The Praises of Martyrdom- Clement of Alexandria

Christians around the world are faced with death often, and have given their lives for the sake of the Kingdom of God. They are hated by men and women who love this present world, which is in decay, depletion, and headed for a certain death. I have been blessed to live in peace all of these years, and I desire to live in peace the rest of my days (1 Thessalonians 4:11). That being said, there is a growing hostility toward us in the United States. Men and women are driven more by their lusts rather than a love for their neighbor. There is little toleration for anything that opposes the lust of the flesh, the lust of the eyes, and the pride of life (1 John 2:16). They not only want to force us to comply with their sin, but they also want to destroy our children with this devilish poison. Hostility is growing, and while I pray that it will decline, I must be ready. Are you? Clement of Alexandria (150-215 A.D.) lived in a time where Christians were burned, tortured, thrown to hungry lions, sawn in half, crucified, buried alive, and mangled beyond humanity. These words below I think will be good for your reflection and preparation. That way, we can say with Paul: "for me to live is Christ, and to die is gain." (Philippians 1:21)
CHAPTER IV.—THE PRAISES OF MARTYRDOM. When, as is reasonable, the gnostic, when disturbed, obeys easily, and gives up his body to him who asks; and, previously depriving himself of the affections of this body, not insulting the tempter, but rather, in my opinion, training him and convincing him,— “From what honor and what extent of wealth fallen,”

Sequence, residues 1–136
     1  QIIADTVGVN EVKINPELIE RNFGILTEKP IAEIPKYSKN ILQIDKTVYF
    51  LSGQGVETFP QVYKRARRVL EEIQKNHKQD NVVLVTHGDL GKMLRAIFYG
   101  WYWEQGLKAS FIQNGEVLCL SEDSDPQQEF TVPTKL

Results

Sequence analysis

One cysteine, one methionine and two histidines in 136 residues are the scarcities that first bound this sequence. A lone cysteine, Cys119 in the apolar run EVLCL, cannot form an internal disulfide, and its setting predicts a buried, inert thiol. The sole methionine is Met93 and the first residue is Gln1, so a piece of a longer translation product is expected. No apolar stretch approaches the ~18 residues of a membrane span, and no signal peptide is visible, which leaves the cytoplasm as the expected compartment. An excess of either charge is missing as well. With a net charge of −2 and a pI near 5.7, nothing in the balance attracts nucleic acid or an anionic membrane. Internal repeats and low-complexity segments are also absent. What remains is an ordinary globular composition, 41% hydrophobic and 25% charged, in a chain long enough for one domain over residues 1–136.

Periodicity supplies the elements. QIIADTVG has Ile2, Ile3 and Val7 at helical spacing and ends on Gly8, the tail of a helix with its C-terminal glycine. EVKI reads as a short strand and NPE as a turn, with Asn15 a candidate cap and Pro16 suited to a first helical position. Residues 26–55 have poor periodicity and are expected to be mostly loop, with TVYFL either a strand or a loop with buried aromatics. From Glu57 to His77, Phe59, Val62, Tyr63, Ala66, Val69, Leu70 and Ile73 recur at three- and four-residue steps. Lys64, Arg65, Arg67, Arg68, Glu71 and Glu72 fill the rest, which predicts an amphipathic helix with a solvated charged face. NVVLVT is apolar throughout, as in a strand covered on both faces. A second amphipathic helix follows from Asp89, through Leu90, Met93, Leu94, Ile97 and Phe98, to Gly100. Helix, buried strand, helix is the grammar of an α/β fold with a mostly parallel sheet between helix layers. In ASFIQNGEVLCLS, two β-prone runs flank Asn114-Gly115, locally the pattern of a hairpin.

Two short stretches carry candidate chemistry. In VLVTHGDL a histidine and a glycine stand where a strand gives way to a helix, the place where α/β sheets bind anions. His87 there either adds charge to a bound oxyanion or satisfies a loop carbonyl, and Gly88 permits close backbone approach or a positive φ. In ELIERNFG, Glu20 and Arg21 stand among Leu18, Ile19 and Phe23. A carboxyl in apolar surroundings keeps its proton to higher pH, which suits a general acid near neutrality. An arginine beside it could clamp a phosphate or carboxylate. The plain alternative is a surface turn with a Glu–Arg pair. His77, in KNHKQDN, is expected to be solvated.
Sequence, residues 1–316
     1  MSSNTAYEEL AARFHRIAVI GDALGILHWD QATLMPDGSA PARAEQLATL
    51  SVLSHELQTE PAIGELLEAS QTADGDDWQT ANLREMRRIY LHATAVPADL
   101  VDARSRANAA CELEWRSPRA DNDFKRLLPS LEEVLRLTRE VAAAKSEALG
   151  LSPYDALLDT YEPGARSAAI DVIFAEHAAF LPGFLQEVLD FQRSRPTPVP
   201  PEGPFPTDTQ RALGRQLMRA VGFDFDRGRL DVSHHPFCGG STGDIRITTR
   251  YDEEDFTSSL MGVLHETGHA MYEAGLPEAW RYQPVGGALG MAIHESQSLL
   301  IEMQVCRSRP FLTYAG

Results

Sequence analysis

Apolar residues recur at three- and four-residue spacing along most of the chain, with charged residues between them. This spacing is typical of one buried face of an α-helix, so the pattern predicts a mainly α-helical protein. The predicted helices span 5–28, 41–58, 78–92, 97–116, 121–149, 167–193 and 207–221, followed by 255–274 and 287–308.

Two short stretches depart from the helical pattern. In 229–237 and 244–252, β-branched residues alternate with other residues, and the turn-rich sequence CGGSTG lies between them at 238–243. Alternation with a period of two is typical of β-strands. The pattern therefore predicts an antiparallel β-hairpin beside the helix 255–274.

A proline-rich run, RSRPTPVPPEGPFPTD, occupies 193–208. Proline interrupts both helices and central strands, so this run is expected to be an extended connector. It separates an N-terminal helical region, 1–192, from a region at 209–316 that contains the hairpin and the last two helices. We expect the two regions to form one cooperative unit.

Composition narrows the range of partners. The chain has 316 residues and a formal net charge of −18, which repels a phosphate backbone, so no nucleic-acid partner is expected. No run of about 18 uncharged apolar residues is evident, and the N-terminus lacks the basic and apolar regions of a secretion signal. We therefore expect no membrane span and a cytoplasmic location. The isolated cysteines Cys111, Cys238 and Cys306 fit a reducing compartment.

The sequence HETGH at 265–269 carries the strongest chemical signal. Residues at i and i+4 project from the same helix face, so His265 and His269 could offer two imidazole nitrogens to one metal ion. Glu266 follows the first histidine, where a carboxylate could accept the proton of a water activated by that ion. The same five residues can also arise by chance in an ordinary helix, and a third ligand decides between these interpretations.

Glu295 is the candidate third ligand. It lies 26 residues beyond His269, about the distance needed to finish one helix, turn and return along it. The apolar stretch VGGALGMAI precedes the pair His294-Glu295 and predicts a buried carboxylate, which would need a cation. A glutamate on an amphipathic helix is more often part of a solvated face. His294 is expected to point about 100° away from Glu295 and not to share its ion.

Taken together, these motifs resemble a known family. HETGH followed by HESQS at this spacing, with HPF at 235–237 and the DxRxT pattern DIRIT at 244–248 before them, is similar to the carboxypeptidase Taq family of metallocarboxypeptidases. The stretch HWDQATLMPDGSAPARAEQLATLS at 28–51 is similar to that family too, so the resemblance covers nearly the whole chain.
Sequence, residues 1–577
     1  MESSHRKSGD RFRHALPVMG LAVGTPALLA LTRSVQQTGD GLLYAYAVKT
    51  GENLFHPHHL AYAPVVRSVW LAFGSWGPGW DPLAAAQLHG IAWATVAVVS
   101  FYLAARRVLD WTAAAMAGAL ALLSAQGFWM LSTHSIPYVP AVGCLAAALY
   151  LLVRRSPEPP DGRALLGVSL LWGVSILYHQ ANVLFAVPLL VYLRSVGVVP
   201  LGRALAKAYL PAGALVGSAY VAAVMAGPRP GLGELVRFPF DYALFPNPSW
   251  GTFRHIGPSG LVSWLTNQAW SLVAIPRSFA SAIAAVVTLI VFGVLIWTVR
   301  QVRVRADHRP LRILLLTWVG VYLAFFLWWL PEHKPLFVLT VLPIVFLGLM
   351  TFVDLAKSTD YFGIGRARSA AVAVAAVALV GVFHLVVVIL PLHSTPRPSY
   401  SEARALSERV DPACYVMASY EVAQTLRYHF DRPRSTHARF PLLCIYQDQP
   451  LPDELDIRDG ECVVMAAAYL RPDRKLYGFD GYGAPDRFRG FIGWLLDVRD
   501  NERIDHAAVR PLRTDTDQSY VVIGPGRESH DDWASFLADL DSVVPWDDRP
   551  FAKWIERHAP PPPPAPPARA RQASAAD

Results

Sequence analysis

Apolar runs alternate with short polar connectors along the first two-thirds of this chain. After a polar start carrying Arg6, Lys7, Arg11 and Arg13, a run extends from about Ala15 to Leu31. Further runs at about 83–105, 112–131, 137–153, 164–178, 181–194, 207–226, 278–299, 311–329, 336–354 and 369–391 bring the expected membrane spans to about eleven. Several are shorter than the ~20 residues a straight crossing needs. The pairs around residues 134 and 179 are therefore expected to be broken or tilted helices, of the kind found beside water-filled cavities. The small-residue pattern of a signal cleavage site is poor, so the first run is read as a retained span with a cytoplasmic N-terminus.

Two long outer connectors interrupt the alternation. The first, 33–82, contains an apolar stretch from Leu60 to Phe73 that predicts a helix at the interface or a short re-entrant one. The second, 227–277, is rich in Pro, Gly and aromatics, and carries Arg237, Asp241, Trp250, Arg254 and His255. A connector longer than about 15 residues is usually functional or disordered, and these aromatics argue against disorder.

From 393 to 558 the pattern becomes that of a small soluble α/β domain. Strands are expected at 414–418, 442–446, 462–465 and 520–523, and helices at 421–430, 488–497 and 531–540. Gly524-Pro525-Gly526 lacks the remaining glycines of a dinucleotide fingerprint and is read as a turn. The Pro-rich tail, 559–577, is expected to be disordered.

as says Empedocles (meaning: balance, consistent, constant glory), here for the future he walks with mortals. He, in truth, bears witness to himself that he is faithful and loyal towards God; and to the tempter, that he in vain envied him who is faithful through love; and to the Lord, of the inspired persuasion in reference to His doctrine, from which he will not depart through fear of death; further, he confirms also the truth of preaching by his deed, showing that God to whom he hastes is powerful. You will wonder at his love, which he conspicuously shows with thankfulness, in being united to what is allied to him, and besides by his precious blood, shaming the unbelievers. He then avoids denying Christ through fear by reason of the command; nor does he sell his faith in the hope of the gifts prepared, but in love to the Lord he will most gladly depart from this life; perhaps giving thanks both to him who afforded the cause of his departure thus, and to him who laid the plot against him, for receiving an honorable reason which he himself furnished not, for showing what he is, to him by his patience, and to the Lord in love, by which even before his birth he was manifested to the Lord, who knew the martyr’s choice. With good courage, then, he goes to the Lord, his friend, for whom he voluntarily gave his body, and, as his judges hoped, his soul, hearing from our Savior the words of poetry, “Dear brother,” by reason of the similarity of his life. We call martyrdom perfection, not because the man comes to the end of his life as others, but because he has exhibited the perfect work of love. And the ancients admire the death of those among the Greeks who died in war, not that they advised people to die a violent death, but because he who ends his life in war is released without the dread of dying, severed from the body without experiencing previous suffering or being crippled in his soul, as the people that suffer in diseases. For they depart in a state of unmanliness and desiring to live; and therefore they do not yield up the soul pure, but bearing with it their lusts like weights of lead; all but those who have been apparent in virtue. Some die in battle with their lusts, these being in no respect different from what they would have been if they had wasted away by disease. If the confession to God is martyrdom, each soul which has lived purely in the knowledge of God, which has obeyed the commandments, is a witness both by life and word, in whatever way it may be released from the body,—shedding faith as blood along its whole life till its departure. For instance, the Lord says in the Gospel, “Whosoever shall leave father, or mother, or brethren,” and so forth, “for the sake of the Gospel and my name,” he is blessed; not indicating simple martyrdom, but the gnostic  martyrdom, as of the man who has conducted himself according to the rule of the Gospel, in love to the Lord (for the knowledge of the Name and the understanding of the Gospel point out the gnosis (knowledge), but not the bare designation), so as to leave his worldly kindred, and wealth, and every possession, in order to lead a life free from passion. “Mother” figuratively means country and sustenance; “fathers” are the laws of civil community: which must be disdained thankfully by the high-souled just man; for the sake of being the friend of God, and of obtaining the right hand in the holy place, as the Apostles have done. Then Heraclitus (meaning: splendid, famous, glorious) says, “Gods and men honor those slain in battle;” and Plato in the fifth book of the Republic writes, “Of those who die in military service, whoever dies after winning renown, shall we not say that he is chief of the golden race? Most assuredly.” But the golden race is with the gods, who are in heaven, in the fixed sphere, who chiefly hold command in the providence exercised towards men. Now some of the heretics who have misunderstood the Lord, have at once an impious and cowardly love of life; saying that the true martyrdom is the knowledge of the only true God (which we also admit), and that the man is a self-murderer and a suicide who makes confession by death; and cite other similar sophisms of cowardice. To these we shall reply at the proper time; for they differ with us in regard to first principles. Now we, too, say that those who have rushed on death (for there are some, not belonging to us, but sharing the name merely, who are in haste to give themselves up, the poor wretches dying through hatred to the Creator)—these, we say, banish themselves without being martyrs, even though they are punished publicly. For they do not preserve the characteristic mark of believing martyrdom, inasmuch as they have not known the only true God, but give themselves up to a vain death, as the Gymnosophists of the Indians (Gymnosophists is the name given by the Greeks to certain ancient Indian philosophers who pursued asceticism to the point of regarding food and clothing as detrimental to purity of thought and also even naked priests from Ethiopia.) to useless fire. But since these falsely named accuse the body, let them learn that the harmonious mechanism of the body contributes to the understanding which leads to goodness of nature. Wherefore in the third book of the Republic, Plato, whom they appeal to loudly as an authority that disparages generation, says, “that for the sake of harmony of soul, care must be taken for the body,” by which, he who announces the proclamation of the truth, finds it possible to live, and to live well. For it is by the path of life and health that we learn gnosis (knowledge). But is he who cannot advance to the height without being occupied with necessary things, and through them doing what tends to knowledge, not to choose to live well? In living, then, living well is secured. And he who in the body has devoted himself to a good life, is being sent on to the state of immortality.